Tom Watson - The Leo Frank case - AudioBook
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WE ARE approaching the 102nd anniversary of the lynching of Leo Frank, which will take place on August 17. Why was Leo Frank lynched? - and why was he lynched, not by a mob of illiterate haters, but by an assemblage of community leaders and eminent citizens? Does the current media story about Leo Frank - that he was an innocent victim of widespread and “virulent” anti-Semitism - really hold true when we examine the facts ?
It is impossible to understand the lynching of Leo Frank without reading and understanding the works of Tom Watson, virtually the only major journalist of his time who bucked the trend - and refused the money proffered him to take a pro-Frank stance - and saw in the Leo Frank media circus a litany of lies, misrepresentations, bribes, perjury, and propaganda designed to nearly deify a man who was a convicted strangler and defiler of little girls.
You hear a lot about Tom Watson from the “mainstream” media - invariably denouncing him - but you almost never get even a complete paragraph from them of what he actually said about the Leo Frank case.
To help you understand the viewpoint of Mr. Watson, we now present for the first time the complete text, with new added audio book renditions by Vanessa Neubauer, of all of his writings on the Frank case, exactly as published in his Watson’s Magazine in 1915. Just click on the links to read each article, where you’ll see an audio player embedded after the first paragraph which will allow you to hear the audio book version.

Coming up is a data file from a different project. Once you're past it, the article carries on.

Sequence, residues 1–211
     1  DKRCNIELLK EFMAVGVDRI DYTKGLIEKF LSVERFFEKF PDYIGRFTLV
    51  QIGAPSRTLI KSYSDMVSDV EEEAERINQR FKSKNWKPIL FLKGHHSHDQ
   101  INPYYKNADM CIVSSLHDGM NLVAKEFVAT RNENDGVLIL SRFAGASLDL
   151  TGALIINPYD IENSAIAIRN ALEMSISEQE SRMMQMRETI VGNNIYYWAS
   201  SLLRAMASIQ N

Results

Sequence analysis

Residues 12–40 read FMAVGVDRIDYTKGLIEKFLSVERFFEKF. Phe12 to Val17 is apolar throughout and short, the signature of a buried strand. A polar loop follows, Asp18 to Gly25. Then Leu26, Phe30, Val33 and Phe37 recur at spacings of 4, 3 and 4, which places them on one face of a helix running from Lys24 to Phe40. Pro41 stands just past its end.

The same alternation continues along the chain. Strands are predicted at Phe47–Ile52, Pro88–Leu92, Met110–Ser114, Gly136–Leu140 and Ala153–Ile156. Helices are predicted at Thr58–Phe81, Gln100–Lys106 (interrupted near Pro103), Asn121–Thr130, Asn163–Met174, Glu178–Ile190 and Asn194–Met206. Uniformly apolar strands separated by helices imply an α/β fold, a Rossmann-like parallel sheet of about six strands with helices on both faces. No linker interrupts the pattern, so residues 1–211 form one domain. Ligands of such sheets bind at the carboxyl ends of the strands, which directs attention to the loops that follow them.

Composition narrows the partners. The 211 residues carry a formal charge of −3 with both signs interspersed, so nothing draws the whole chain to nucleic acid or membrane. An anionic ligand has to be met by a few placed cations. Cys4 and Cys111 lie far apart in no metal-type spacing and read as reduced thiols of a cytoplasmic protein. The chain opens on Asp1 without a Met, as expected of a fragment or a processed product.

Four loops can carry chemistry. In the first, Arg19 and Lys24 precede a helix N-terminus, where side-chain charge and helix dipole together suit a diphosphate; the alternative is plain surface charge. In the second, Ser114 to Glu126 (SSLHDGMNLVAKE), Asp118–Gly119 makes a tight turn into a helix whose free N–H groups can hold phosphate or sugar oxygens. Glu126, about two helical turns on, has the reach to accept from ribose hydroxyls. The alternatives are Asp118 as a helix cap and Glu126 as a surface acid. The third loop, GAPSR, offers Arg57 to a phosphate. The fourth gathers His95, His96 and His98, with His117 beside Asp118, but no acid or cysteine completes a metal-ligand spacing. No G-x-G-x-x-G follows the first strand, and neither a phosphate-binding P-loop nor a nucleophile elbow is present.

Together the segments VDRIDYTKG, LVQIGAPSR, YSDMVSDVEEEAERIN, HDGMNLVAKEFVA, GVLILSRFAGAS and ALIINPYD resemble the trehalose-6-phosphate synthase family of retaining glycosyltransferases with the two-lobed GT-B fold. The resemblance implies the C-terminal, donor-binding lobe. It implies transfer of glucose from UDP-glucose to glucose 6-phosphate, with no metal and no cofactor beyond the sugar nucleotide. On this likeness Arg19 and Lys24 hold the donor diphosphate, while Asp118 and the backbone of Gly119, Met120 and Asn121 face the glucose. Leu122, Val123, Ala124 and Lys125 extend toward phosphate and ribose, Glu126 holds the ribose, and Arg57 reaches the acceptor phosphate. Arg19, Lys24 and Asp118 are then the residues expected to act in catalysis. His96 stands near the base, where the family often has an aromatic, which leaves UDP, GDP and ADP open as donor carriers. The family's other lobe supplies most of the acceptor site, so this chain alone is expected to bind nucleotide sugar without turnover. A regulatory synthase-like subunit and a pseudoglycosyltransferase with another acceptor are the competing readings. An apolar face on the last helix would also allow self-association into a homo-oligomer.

Audio Books Based on the Works of Tom Watson
Thomas Edward Watson (September 5, 1856 - September 26, 1922) was an American politician, attorney, newspaper editor and writer from Georgia. In the 1890s Watson championed poor farmers as a leader of the Populist Party, articulating an agrarian political viewpoint while attacking business, bankers, railroads, Democratic President Grover Cleveland, and the Democratic Party. He was the nominee for vice president with Democrat William Jennings Bryan in 1896 on the Populist ticket.
Elected to the United States House of Representatives in 1890, Watson pushed through legislation mandating Rural Free Delivery, called the "biggest and most expensive endeavor" ever instituted by the U.S. postal service. Politically, he was a leader on the left in the 1890s, calling on poor whites and poor blacks to unite against the elites. After 1900, however, he shifted to nativist attacks on blacks and Catholics (and after 1914 on Jews). Two years before his death, he was elected to the United States Senate; however, he died while still in office.
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